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The Advantages of Cross Bracing in Steel Structures

Sam Grover

Cross bracing is a form of reinforcement in construction that involves putting braces from the right-hand corner of the floor to the left-hand corner of the ceiling, then the same again for the converse.

The result is an X-shaped brace that pushes the floor and ceiling against one another, thus increasing the structure's stability.

Floors and Ceilings

A steel structure without cross bracing has its floors and ceilings very separate. While they are connected to one another, they do not support one another as much as they could. Cross bracing takes the large amount of support the heavy floors and ceilings offer and transfers it to one another. Rather than build expensive auxiliary support structures, cross bracing utilizes and applies the support already available.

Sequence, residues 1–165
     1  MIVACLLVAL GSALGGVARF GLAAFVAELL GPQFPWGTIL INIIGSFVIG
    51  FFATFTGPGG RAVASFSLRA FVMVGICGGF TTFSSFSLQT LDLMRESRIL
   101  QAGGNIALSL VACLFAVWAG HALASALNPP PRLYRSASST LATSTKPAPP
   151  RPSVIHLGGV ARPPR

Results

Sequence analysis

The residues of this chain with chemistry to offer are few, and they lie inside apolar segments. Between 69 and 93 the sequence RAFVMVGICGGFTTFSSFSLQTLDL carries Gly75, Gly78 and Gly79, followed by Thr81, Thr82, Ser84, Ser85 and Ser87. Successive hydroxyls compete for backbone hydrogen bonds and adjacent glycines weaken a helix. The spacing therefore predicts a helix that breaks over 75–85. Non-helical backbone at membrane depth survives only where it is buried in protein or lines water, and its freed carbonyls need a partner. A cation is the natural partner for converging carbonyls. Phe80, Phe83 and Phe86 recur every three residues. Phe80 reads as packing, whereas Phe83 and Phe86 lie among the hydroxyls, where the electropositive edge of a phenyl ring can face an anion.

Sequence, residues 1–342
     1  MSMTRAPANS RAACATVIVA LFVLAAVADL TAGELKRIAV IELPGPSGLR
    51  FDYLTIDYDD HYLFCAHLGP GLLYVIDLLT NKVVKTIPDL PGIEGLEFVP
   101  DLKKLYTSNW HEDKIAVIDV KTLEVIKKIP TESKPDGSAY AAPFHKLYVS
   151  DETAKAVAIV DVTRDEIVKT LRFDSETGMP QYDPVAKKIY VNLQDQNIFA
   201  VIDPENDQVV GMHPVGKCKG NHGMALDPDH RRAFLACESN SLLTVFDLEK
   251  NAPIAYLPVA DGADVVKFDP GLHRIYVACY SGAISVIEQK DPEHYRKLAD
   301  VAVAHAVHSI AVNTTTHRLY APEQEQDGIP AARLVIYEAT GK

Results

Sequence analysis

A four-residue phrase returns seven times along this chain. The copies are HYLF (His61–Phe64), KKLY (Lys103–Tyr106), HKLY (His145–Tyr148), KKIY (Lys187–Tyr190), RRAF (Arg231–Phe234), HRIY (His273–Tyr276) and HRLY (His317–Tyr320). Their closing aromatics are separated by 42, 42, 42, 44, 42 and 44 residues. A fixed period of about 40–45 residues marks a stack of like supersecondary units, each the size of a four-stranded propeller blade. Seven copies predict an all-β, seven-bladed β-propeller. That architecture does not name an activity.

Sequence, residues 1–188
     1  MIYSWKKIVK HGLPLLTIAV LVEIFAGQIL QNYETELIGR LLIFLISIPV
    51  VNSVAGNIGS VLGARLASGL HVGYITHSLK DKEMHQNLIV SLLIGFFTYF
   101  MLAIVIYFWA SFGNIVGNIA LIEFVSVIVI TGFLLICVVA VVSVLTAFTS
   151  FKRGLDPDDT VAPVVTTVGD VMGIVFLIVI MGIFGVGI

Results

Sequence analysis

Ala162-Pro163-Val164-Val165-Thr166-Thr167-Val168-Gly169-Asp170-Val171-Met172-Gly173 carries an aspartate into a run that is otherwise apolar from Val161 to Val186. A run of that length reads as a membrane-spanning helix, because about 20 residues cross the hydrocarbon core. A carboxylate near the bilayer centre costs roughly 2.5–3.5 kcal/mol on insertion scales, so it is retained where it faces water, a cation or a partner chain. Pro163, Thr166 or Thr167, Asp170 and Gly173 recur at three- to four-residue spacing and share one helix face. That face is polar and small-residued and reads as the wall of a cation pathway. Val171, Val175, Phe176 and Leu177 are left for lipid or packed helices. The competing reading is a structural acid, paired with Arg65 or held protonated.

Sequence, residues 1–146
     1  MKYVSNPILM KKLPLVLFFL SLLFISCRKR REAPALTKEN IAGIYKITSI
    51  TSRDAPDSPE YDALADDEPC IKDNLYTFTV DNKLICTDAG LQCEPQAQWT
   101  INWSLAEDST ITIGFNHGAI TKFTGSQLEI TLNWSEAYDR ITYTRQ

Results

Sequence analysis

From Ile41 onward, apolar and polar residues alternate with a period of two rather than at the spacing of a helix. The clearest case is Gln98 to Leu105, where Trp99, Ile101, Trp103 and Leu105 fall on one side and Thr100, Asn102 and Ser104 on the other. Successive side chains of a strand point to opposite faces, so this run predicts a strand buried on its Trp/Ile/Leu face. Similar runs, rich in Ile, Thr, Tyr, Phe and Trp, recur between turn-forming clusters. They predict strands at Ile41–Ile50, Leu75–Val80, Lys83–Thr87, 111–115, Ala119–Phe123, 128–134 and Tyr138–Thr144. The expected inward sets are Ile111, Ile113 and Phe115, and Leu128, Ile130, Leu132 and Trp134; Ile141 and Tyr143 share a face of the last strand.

Cross-bracing is used most frequently in areas like California where earthquakes are common. This is because buildings in these areas need to be more stable than buildings in other areas; after all, a building in, say, Iowa, is probably not going to have to withstand seismic activity.

This means that cross-bracing is essentially an emergency measure. Buildings can function without it on a day-to-day basis, but should an earthquake destabilize a building it is the cross-bracing that will keep it standing.


To understand how cross bracing works, think of a child climbing in a doorway by pushing his feet against one side and his butt against the other. He is able to sit in the top of the doorway because he is pushing against both sides, applying the weight of the door and the force his body can generate to create stability. Cross-bracing works on the same principle — pushing two surfaces against one another to hold something in between them, except where the child uses a doorframe cross-bracing uses a building's floor and ceiling.